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Mayor Vince V. Anello has suggested a way to save much of the 2005 Niagara tourism marketing campaign, but the City Council will have to approve the idea.

Last year, the city set aside $1 million in Seneca casino local share dollars for the future new terminal at Niagara Falls International Airport. Anello has suggested lending that money to the Niagara Tourism and Convention Corp. until the current casino cash impasse is resolved.

"The marketing for tourism has to be done now," Anello said this week. "The urgency for the money is now."

The Seneca Nation has delayed turning over its 2004 local share revenue for months, although nation officials have said an announcement is expected today. The delay has cost the NTCC, Niagara's tourism marketing agency, its best chance at getting top marketing value for the money and repeating its documented successes of the 2004 season.

If the City Council approves the $1 million short-term loan, "I think we'll be able to do the majority of what we had planned," said NTCC President David Rosenwasser. "But there are deadlines we missed we won't be able to meet. No amount of money can buy that time back."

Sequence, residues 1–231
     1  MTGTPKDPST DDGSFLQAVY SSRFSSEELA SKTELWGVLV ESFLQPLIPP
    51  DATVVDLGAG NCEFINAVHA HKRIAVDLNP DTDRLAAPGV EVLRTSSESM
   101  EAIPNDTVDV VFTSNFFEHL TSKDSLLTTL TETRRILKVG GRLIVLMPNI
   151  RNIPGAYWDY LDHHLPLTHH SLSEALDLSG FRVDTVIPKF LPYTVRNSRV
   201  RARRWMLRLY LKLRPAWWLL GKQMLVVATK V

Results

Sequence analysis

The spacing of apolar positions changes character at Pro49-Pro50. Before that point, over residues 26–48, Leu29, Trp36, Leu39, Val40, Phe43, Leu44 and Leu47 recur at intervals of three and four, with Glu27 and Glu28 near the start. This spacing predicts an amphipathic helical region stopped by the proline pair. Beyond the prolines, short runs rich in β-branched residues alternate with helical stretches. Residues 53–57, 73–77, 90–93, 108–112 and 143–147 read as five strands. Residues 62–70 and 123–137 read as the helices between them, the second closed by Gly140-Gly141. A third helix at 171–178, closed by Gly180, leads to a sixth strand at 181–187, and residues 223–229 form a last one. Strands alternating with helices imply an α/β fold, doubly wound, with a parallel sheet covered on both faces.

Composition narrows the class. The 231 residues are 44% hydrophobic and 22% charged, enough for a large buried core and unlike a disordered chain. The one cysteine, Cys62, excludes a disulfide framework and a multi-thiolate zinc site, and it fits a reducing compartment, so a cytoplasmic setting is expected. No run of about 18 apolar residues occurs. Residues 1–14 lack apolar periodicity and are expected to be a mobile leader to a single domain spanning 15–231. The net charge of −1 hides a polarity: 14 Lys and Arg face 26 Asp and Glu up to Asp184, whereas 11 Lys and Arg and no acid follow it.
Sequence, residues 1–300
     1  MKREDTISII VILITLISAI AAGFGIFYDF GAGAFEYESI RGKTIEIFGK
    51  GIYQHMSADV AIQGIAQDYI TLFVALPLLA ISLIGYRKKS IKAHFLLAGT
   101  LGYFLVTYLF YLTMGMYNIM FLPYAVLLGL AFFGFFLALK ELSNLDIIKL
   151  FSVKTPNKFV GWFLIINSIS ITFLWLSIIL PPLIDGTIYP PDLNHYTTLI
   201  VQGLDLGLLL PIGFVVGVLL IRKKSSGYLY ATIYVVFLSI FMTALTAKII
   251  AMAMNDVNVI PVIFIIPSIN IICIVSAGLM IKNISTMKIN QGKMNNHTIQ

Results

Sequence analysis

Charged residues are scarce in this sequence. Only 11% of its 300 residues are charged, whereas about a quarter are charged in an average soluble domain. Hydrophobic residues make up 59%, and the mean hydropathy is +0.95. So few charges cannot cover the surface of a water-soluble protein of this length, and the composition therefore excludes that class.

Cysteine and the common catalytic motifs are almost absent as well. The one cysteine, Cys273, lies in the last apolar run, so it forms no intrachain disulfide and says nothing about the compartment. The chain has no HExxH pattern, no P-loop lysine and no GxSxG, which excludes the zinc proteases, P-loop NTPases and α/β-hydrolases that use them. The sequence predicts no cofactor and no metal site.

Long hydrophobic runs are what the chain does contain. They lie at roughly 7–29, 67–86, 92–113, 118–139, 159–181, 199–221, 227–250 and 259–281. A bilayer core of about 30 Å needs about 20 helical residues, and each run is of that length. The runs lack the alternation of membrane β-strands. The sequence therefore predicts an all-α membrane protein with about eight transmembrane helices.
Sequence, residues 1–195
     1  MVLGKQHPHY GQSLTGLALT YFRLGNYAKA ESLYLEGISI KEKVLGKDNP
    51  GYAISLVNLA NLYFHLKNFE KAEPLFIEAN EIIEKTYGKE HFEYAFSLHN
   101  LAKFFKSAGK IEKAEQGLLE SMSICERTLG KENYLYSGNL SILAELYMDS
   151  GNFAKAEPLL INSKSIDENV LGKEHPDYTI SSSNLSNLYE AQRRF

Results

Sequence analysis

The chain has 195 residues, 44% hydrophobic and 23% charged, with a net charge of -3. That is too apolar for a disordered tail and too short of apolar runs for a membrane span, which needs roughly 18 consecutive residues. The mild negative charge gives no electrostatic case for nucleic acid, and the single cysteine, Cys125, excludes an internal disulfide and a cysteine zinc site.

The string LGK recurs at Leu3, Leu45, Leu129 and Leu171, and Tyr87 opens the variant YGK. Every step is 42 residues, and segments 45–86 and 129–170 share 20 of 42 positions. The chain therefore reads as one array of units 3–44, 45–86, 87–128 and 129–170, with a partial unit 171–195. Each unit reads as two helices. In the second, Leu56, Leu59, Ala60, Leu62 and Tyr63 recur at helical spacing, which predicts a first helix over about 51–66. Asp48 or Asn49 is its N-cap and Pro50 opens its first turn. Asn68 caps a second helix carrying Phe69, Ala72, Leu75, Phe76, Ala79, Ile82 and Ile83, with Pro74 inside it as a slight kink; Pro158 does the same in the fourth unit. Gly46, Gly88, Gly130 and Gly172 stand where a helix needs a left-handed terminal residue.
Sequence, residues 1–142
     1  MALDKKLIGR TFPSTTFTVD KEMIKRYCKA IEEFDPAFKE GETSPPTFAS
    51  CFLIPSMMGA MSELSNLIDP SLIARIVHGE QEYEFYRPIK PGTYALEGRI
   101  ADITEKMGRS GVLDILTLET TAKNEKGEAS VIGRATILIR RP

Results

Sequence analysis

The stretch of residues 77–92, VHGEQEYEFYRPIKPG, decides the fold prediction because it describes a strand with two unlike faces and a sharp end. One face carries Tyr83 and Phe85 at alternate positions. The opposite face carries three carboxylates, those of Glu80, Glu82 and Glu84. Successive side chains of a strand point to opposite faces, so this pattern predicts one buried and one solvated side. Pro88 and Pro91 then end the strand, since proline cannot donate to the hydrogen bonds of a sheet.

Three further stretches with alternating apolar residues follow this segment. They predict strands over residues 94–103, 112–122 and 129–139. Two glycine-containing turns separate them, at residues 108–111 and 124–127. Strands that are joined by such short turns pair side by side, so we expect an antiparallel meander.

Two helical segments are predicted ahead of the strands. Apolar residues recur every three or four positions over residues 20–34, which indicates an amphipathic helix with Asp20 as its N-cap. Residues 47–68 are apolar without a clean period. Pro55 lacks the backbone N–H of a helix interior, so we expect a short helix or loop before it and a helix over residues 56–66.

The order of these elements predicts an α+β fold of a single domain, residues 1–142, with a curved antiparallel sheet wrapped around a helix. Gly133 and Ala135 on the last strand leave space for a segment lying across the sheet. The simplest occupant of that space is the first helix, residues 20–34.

Even if the money is turned over to state officials today, it won't flow immediately because local politicians can't agree on how to divide it.

As a result, the NTCC board last week slashed its planned budget, gutting spending for the 2005 marketing season. The $2.4 million budget was cut to $1.3 million because of the continuing impasse, said Thomas Weeks, board chairman and president of Grand Tours.

Taxes on Niagara County hotel and motel rooms make up the Niagara marketing agency's other main source of support.

The agency's planned $1 million advertising campaign was supposed to be funded with the NTCC's share of about $11 million in slot machine revenue due to the host community under the Seneca Nation's agreement with New York State.

"This will be devastating news to tourism stakeholders and for our economy as a whole," Weeks said. After the resounding success of last year's advertising campaign, Weeks said, it's "just mind-boggling that our elected officials would kill one of the few growth industries in our region."

Last year, the NTCC oversaw a $1 million marketing program that produced a 30-to-1 return to the local economy in tourist spending, according to a Niagara University study.

State Sen. George Maziarz, R-Newfane, Assemblywoman Francine DelMonte, D-Lewiston, and Anello have been unable to agree on how the local share should be divided.

Still, the measure, if approved, would allow the Niagara tourism industry to salvage much of the season, Rosenwasser said. "This would put us in a much better position to do our job, and benefit the economy of our entire region."


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